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Letters to the Editor: We Do Not Know What We Ought To Pray For

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In a recent article, “We Do Not Know What We Ought To Pray For” (February 2023) in the Prayer series, Darren Tappouras wrestles with several passages that plainly tell us that God grants you whatsoever you ask.

The contexts of these seeming carte blanche passages point to a solution that leaves no vexation. Yes, God does give whatever you ask for, as long as you understand that the “whatever” refers to “whatever sin you ask forgiveness for.”

Jesus’ statement, as recorded in Mark, is plainly in the context of forgiveness:

Therefore I tell you, whatever you ask in prayer, believe that you have received it, and it will be yours. And whenever you stand praying, forgive, if you have anything against anyone, so that your Father also who is in heaven may forgive you your trespasses. (Mark 11:24-25 ESV).

The conjunctive “and” at the beginning of v. 25 indicates a direct connection between the two statements. The phrase “whenever you stand praying” is, therefore, to be understood as “whenever you stand praying for forgiveness for your trespasses.” Thus, “whatever you ask in prayer” is “whatever sins you ask to be forgiven.”

This is the same message as in the Lord’s Prayer (Matt 6:14-15). God forgives whatsoever we ask, provided we also grant the same to those who cause us harm—whatever it might be.

The four similar statements Jesus made in his final address to the disciples (John 14:13-14; 15:7, 16; 16:23) are also in the context of forgiveness of sins, though not as plainly stated. These passages are all associated with the coming of the Comforter (Helper in the ESV), Counselor (NIV), and Greek parakletos.

The Comforter is identified by John himself as the resurrected Jesus, the propitiator of our sins. “But if anyone does sin, we have an advocate [parakletos] with the Father, Jesus Christ the righteous.” (I John 2:1-2). This is the only other place in the New Testament where parakletos appears. Again the context is forgiveness of sins.

Another passage that bears directly on this subject is Paul preaching in the synagogue of Antioch of Pisidia. He tells the audience, “through this man [Jesus] forgiveness of sins is proclaimed to you, and by him everyone who believes is freed from everything which you could not be freed by the law of Moses.” (Acts 13:38-39).

Do not diminish the universality of “whatever we ask in prayer, God will grant,” but do interpret this in context. We all have all of our sins forgiven, whatever they are. These are the prayers that God always answers “Yes.”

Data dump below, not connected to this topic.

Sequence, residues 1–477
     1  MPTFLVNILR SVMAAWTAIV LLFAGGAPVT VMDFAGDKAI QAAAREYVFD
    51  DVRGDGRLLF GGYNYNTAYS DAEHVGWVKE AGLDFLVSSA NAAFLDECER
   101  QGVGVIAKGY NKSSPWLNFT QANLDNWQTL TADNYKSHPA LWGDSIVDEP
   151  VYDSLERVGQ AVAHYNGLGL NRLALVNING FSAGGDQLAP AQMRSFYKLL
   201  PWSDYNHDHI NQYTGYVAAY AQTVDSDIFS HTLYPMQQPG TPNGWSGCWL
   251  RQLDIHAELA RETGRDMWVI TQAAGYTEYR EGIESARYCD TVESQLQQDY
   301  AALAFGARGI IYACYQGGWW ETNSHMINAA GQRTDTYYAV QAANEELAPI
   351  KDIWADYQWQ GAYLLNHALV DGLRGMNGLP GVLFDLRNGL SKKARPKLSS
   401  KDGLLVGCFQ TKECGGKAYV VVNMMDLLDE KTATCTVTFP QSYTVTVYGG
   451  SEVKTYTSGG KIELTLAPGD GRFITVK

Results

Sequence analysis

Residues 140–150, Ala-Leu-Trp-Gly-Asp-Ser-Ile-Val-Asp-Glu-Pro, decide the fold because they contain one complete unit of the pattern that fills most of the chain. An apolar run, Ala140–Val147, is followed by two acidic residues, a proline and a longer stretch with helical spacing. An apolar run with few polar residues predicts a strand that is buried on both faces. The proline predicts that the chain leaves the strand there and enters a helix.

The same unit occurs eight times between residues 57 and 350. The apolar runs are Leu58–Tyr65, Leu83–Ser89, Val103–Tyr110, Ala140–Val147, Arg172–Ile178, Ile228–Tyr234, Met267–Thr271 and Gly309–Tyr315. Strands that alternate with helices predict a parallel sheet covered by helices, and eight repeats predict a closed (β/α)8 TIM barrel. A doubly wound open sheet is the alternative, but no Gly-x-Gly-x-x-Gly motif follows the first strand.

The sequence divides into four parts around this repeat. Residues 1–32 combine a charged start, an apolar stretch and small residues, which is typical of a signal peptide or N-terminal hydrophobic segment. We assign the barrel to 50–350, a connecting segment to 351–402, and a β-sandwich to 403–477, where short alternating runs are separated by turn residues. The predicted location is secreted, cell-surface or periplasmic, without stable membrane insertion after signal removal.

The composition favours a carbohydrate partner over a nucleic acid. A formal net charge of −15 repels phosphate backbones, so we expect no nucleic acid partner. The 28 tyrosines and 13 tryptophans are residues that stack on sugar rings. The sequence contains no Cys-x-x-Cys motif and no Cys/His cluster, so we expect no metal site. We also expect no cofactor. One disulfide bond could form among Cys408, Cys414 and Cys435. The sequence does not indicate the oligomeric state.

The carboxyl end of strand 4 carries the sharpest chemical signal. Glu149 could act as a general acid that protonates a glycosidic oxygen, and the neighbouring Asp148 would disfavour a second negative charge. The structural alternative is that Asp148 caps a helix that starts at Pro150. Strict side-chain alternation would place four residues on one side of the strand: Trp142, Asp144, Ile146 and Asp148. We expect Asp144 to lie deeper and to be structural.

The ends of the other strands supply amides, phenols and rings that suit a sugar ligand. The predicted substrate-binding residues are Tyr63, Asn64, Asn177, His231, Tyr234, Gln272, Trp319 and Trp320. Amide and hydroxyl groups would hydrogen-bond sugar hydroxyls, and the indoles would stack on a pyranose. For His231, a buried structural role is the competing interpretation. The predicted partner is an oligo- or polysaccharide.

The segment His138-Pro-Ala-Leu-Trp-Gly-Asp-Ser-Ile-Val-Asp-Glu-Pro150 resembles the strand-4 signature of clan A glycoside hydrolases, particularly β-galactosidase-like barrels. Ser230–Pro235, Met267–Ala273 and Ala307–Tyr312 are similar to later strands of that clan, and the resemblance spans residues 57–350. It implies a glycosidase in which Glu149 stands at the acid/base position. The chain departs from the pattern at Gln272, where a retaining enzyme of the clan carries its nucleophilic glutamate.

David Levin,
Denver Ecclesia, CO


Bro. David Levin’s proposal is quite sound, and we are in total agreement that the only valid response from God in these prayer guarantees is “yes.” Therefore, we need to narrow the scope somehow to determine just what they are referring to. Bro. David’s proposal that they refer to God forgiving our sins is very encouraging.

As foremost and as central, forgiveness is as an essential element in the “indescribable gift” of God. May I suggest that not only is forgiveness of sins in scope here but also included is the power to overcome sin in our life through faith.

For example, the immediate context of the prayer guarantee in John 15:16 is that the disciple is chosen for the objective to “bear fruit” and this is illustrated in verse 17 as to “love one another.”

I chose you and appointed you so that you might go and bear fruit–fruit that will last–and so that whatever you ask in my name the Father will give you. This is my command: Love each other. (NIV).

Sin in our life is dealt with by God both through forgiveness (justification) and the empowerment and motivation to develop a life of holiness (sanctification). God’s power to achieve both these objectives appears to me to be on offer here.

The multidimensional aspect of the guarantee is illustrated in Matthew 7:7, which tells us to ask–seek–knock.  God’s response promised is that we will receive—find—open. Seeking and knocking would suggest a lifetime of growth and spiritual development.

Also, the use of the plural gift responses in the guarantee—“things” (Mark 11:24), “Whatever” (Matt 21:22, 1 John 3:22 (KJV), John 14:13), “anything” (1 John 5:14), and “good gifts” (Matt 7:11), may well be referring to different types of sins or multiple sin events. Still, to me, they seem to imply that God’s prayer guarantees not only to grant us the incredible gift of forgiveness but if we ask in faith and true commitment (Jas 1:5-6), His power is there to help us overcome sin in our lives.

Darren Tappouras,
Gosford Ecclesia, NSW

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